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Cloud Security

The 4 Pillars of Cloud Security

Enterprises today work with a massive volume of sensitive data and also perform various operations with this data. The move to the cloud has changed all aspects of the application development lifecycle – security being foremost among them. Security and DevOps teams face a growing number of entities to secure as the organization adopts cloud native approaches.

An online analysis done by Gartner states that- by 2020, 80% of the cloud breaches will be caused due to customer misconfigurations, wrongly-managed credentials, or even insider thefts. However, cloud breaches will not be a result of the cloud provider’s vulnerabilities. To prevent such breaches organizations have started implementing cloud security solutions to protect their data.

A successful cloud security framework is dependent on the pillars that follow a sequential cycle. In this sequential cycle, every pillar is dependent on the pillar, just preceding it. Any business organization that follows this methodology is successfully able to create a framework that can support cloud strategies as well as optimize the complete security of the cloud.

So, the following are the pillars that determine effective cloud security:

Pillar #1: Identity Access Management

Managing a large number of privileged users with access to an ever-expanding set of sensitive resources can be challenging. In a cloud-based infrastructure, Identity Access Management allows the IT administrators of the organization to authorize any specific user who will be able to access the specific resources on the cloud and perform certain tasks/actions on them. You need to leverage the identity of cloud resources to enforce security policies and ensure secure user behavior across your cloud environments. Here are a few key points you need to think about:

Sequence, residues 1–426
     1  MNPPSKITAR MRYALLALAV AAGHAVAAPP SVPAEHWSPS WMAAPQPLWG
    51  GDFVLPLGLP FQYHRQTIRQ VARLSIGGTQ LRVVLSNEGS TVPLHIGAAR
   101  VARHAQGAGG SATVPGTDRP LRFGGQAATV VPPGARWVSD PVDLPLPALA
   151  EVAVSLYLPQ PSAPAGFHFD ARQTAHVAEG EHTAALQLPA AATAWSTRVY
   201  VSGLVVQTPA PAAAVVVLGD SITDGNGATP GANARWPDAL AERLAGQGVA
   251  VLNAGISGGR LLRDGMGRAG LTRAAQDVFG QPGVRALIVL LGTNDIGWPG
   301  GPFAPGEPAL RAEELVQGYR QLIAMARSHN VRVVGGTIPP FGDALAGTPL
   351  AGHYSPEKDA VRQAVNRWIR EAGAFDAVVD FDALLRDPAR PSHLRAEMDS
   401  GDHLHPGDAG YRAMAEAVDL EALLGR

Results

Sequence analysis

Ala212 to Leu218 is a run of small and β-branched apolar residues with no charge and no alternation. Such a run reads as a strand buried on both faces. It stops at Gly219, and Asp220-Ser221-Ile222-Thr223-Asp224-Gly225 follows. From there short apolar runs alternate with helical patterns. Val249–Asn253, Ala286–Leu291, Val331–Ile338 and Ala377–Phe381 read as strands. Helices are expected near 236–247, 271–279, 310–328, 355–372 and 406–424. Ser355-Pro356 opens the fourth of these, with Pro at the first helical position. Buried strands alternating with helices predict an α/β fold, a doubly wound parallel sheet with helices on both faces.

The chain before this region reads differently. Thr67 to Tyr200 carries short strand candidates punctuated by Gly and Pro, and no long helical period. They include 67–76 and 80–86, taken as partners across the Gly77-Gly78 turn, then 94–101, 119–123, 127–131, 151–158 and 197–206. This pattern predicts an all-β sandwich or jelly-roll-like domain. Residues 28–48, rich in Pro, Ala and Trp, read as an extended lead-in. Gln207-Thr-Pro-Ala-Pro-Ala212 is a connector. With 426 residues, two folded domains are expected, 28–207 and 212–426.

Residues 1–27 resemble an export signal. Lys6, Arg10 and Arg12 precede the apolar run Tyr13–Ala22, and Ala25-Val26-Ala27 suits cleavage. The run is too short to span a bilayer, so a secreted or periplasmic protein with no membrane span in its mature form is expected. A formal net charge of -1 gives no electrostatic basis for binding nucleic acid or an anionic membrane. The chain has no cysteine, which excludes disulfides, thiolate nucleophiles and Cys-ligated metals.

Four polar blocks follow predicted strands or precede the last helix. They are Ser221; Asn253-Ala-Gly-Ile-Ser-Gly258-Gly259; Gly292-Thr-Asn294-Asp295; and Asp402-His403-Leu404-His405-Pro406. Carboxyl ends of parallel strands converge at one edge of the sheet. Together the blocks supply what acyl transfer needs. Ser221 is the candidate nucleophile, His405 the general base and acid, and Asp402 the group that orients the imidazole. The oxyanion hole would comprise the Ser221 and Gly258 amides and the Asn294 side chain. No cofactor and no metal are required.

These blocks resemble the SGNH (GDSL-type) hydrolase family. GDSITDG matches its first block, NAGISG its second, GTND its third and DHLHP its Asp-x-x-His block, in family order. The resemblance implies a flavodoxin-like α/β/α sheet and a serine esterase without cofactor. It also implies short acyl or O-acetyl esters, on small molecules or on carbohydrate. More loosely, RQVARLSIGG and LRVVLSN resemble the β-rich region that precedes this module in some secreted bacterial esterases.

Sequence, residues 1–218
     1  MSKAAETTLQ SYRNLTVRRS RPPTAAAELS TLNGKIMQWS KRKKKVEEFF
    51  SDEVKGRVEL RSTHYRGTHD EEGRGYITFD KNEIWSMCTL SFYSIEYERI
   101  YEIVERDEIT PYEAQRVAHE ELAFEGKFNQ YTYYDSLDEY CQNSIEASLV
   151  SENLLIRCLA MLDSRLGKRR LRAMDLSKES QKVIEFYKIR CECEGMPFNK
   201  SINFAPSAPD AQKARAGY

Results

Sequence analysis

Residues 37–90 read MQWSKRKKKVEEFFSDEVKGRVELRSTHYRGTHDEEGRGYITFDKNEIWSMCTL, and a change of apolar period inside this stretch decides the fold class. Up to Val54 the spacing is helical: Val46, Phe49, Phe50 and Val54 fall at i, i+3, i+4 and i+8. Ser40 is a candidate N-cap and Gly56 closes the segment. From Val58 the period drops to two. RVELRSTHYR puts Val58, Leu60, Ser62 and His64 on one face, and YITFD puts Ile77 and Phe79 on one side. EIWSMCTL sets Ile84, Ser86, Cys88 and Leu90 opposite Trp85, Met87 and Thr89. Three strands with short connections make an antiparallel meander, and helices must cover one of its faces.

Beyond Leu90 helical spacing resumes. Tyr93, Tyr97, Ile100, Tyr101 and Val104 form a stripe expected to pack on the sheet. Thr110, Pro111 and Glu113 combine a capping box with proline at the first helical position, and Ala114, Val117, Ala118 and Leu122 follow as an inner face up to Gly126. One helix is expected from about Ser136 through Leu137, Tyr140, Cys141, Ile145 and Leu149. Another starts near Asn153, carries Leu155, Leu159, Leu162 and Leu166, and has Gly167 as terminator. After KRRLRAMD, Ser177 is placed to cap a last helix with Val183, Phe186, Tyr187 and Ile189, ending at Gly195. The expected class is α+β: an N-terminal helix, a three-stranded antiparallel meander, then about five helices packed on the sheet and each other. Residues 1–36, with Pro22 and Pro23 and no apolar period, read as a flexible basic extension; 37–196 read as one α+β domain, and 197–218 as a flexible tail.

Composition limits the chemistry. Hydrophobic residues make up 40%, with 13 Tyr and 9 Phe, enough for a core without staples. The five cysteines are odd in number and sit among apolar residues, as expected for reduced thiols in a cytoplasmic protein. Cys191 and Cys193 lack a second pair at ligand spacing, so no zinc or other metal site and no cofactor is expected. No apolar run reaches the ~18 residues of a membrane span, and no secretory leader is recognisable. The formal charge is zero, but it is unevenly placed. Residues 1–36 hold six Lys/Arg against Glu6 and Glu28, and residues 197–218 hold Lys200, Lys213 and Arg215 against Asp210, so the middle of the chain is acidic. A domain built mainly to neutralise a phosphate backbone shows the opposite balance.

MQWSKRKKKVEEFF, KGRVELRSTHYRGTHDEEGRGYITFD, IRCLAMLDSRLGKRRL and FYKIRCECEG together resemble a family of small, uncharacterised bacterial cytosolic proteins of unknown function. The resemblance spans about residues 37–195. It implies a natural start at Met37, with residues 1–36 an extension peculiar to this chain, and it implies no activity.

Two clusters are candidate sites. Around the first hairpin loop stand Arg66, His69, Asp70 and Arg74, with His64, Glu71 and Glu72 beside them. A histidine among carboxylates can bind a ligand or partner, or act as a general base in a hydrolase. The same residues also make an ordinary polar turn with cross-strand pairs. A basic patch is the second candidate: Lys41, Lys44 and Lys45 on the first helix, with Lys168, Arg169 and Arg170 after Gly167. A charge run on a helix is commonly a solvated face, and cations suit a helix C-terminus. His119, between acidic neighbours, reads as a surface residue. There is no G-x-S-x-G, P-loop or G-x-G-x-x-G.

Enforcing governance policies to ensure that users and resources behave only as intended and do not introduce risk to the environment.
You need ensure least-privileged access to cloud resources and infrastructure and decouple user permissions from workload permissions.
Leverage tags and metadata to assign a logical identity to applications and workloads.
Continuously analyze the behavior of users and resources in your cloud to detect and prevent anomalous behavior, such as an admin logging in from an unknown location or a container accessing a file it should not be able to access.

Pillar #2: Network Security
It is important to secure networks and enforce microsegmentation across hybrid environments. Most of the organizations fail to initiate the framework of cloud security built around network security. However, this network security is entirely different from Cloud Security. In this security model, it is a shared responsibility model under which the cloud ecosystems operate and guarantees the network security. A few important points to keep in mind while implementing network security:

Ingesting network traffic flow logs from multiple sources, and gaining deep visibility into network behavior helps detect and prevent anomalies.
Micro-segmentation creates secure zones in data centers and cloud deployments thereby segmenting workloads from each other, securing everything inside the zone, and applying policies to secure traffic between zones. Enforcing cloud-native microsegmentation at the container and host levels with layer 4 and layer 7 distributed firewalls adds to the level of security.
Introduction of firewalls and Web Application Firewalls comes handy for the cloud by offering security at different stages. You can read our blog on how to replace firewalls with Cloud delivered Security.